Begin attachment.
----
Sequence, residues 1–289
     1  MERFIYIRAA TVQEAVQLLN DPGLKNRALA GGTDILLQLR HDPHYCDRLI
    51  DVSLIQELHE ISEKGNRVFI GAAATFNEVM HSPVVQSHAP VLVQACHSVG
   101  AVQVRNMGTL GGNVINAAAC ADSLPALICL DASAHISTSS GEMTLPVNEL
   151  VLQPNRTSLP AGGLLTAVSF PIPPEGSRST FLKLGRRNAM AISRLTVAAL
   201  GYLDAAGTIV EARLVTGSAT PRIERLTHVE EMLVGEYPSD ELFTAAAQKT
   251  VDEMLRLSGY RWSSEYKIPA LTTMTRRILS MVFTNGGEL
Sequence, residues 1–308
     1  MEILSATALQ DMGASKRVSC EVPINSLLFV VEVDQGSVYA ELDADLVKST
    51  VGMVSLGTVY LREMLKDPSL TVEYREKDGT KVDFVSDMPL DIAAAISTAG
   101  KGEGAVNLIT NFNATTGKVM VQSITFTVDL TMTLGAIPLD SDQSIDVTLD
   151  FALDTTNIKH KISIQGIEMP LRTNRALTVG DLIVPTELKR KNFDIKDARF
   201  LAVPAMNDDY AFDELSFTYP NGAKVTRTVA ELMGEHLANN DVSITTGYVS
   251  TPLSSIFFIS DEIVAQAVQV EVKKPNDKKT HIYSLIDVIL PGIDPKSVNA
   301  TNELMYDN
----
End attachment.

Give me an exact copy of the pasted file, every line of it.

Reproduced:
Sequence, residues 1–289
     1  MERFIYIRAA TVQEAVQLLN DPGLKNRALA GGTDILLQLR HDPHYCDRLI
    51  DVSLIQELHE ISEKGNRVFI GAAATFNEVM HSPVVQSHAP VLVQACHSVG
   101  AVQVRNMGTL GGNVINAAAC ADSLPALICL DASAHISTSS GEMTLPVNEL
   151  VLQPNRTSLP AGGLLTAVSF PIPPEGSRST FLKLGRRNAM AISRLTVAAL
   201  GYLDAAGTIV EARLVTGSAT PRIERLTHVE EMLVGEYPSD ELFTAAAQKT
   251  VDEMLRLSGY RWSSEYKIPA LTTMTRRILS MVFTNGGEL
Sequence, residues 1–308
     1  MEILSATALQ DMGASKRVSC EVPINSLLFV VEVDQGSVYA ELDADLVKST
    51  VGMVSLGTVY LREMLKDPSL TVEYREKDGT KVDFVSDMPL DIAAAISTAG
   101  KGEGAVNLIT NFNATTGKVM VQSITFTVDL TMTLGAIPLD SDQSIDVTLD
   151  FALDTTNIKH KISIQGIEMP LRTNRALTVG DLIVPTELKR KNFDIKDARF
   201  LAVPAMNDDY AFDELSFTYP NGAKVTRTVA ELMGEHLANN DVSITTGYVS
   251  TPLSSIFFIS DEIVAQAVQV EVKKPNDKKT HIYSLIDVIL PGIDPKSVNA
   301  TNELMYDN